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Valorization of the Organic Fraction of MSW via Hydrothermal Carbonization andFischer-Tropsch Synthesis
Chemical and Materials Engineering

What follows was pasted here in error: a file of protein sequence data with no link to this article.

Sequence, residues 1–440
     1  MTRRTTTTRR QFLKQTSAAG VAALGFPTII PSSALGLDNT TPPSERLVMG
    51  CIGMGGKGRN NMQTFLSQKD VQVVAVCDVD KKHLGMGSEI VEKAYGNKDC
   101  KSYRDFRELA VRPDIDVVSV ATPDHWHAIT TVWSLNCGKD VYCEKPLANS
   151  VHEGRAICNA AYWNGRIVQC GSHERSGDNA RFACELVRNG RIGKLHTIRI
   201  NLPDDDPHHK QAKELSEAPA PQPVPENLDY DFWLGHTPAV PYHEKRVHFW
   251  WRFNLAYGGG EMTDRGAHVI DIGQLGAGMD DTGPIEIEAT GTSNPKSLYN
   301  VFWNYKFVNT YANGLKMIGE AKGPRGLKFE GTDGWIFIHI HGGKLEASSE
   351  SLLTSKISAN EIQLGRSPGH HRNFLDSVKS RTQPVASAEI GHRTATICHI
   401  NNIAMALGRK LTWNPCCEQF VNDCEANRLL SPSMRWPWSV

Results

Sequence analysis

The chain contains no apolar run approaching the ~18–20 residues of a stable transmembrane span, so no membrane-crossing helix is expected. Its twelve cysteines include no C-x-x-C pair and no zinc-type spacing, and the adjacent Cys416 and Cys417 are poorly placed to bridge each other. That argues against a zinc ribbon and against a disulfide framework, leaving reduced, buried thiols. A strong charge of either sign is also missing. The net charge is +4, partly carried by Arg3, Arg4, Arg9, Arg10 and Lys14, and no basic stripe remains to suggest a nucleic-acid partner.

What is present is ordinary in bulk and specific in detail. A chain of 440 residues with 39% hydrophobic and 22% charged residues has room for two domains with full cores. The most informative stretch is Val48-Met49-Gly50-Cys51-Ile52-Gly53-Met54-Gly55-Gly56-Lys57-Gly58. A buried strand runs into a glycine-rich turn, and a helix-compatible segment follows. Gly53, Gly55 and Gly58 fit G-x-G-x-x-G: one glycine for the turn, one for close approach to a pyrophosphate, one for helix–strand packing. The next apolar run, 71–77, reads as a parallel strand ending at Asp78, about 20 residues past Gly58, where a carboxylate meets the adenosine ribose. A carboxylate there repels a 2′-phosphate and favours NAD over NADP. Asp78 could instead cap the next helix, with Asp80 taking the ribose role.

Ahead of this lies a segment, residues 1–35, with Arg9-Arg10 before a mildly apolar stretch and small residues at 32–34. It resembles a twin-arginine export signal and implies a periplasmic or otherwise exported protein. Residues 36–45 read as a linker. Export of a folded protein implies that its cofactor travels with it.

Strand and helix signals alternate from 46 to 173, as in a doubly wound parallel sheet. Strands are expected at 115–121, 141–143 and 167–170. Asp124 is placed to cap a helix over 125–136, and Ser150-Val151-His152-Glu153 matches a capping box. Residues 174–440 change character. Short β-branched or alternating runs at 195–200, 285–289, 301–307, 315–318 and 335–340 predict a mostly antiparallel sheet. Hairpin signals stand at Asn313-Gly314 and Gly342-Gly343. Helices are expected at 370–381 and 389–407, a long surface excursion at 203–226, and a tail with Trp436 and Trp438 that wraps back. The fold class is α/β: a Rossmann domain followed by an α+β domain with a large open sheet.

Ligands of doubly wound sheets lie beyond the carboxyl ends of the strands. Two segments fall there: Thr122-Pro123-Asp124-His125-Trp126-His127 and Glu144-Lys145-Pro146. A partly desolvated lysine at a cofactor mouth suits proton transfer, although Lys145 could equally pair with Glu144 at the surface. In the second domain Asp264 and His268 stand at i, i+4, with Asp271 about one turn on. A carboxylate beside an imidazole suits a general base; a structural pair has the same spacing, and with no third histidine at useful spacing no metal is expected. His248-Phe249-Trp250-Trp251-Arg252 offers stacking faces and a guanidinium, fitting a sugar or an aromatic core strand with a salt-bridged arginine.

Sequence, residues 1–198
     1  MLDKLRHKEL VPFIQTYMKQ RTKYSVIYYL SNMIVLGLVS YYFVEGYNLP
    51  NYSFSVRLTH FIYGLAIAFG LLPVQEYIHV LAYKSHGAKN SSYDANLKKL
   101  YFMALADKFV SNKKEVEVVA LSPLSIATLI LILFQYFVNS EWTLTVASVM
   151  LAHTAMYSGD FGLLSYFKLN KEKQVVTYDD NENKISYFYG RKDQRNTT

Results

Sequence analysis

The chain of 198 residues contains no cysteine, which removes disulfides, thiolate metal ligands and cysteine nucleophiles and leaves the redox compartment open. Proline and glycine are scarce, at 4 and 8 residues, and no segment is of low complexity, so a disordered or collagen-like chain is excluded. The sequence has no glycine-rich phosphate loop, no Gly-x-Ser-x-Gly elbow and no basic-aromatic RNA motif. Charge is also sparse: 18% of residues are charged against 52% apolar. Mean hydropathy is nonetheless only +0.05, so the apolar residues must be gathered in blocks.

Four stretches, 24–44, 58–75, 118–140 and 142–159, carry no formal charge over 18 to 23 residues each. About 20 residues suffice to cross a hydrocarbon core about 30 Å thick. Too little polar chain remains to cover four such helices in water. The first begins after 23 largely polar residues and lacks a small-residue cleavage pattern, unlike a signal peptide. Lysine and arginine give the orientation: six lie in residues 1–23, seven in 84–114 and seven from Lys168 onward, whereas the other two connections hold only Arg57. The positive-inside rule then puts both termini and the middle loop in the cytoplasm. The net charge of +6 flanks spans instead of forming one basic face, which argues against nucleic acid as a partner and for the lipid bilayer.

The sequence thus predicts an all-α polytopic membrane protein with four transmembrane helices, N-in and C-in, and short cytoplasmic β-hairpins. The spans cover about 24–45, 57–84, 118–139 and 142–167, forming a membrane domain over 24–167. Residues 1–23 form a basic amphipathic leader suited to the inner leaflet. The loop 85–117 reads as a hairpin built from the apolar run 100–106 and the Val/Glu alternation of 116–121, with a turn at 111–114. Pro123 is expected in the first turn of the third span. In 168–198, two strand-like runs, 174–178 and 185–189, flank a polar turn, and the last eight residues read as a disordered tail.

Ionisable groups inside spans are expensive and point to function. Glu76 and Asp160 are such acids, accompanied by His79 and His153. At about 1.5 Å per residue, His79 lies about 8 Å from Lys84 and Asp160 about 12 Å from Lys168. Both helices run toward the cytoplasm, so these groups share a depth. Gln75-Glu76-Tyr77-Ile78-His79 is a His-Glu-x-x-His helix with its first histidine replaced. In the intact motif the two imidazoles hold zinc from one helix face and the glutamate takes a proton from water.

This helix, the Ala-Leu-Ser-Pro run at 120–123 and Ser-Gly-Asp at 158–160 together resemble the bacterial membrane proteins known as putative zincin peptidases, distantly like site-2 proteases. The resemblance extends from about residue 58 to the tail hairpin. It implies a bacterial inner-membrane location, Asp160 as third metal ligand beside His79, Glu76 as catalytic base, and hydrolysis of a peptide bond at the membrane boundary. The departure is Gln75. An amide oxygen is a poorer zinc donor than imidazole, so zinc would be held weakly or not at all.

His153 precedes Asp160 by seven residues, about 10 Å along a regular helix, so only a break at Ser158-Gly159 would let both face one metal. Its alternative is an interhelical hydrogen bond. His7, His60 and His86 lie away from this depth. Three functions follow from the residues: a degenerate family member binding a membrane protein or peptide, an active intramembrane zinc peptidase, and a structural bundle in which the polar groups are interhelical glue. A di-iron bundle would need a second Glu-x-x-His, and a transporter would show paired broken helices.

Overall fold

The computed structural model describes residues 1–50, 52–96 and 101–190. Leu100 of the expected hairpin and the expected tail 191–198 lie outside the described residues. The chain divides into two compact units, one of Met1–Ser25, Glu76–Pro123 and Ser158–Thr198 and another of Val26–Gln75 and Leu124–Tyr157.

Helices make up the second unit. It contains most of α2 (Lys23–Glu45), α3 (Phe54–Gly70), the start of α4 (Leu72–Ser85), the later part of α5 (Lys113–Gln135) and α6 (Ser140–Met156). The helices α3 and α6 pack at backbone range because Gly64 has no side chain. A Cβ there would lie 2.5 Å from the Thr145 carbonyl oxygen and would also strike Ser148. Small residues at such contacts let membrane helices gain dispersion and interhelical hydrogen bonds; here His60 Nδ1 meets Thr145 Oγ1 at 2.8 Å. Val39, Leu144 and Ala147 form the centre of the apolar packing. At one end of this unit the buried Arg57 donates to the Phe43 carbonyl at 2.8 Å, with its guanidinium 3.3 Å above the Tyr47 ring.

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The ability to impact the world in a positive way through the design of a process is one of the many benefits of an engineering expertise. Through chemical engineering, the world’s greatest problems can be solved with enough detail and big picture views combined to make a better future. Greenhouse gases in the atmosphere produced by man contributes to climate change and the detrimental effects on the environment, which directly impacts society itself. One of the largest causes of greenhouse gas production is organic waste in landfills. The organic waste buried under trash with no oxygen in landfills undergoes anaerobic digestion and breaks down into methane gas. To combat excess greenhouse gas production and help reduce mankind’s impact on the environment, a process was designed to convert organic food waste into diesel fuel using three main unit operations: hydrothermal carbonization, gasification, and Fischer Tropsch reaction. With an input feed of 1 metric ton of food waste per hour, about 250 kg of diesel precursors are produced per hour assuming perfect conversion efficiency in the reactors. A full process was designed and simulated on ChemCAD, a full economic analysis was conducted for worst case and best-case scenarios, industry standards were evaluated that applied to the process, detailed hazards were determined for the process operations, and an environmental assessment was performed for all materials used. Through the research and design of this process, companies can start to abide by new environmental laws that prohibit any organic waste from entering landfills. This process was designed entirely with chemical engineering operations and practices from start to finish, showing the broad range of skills that chemical engineers have as well as their advanced problem solving skills.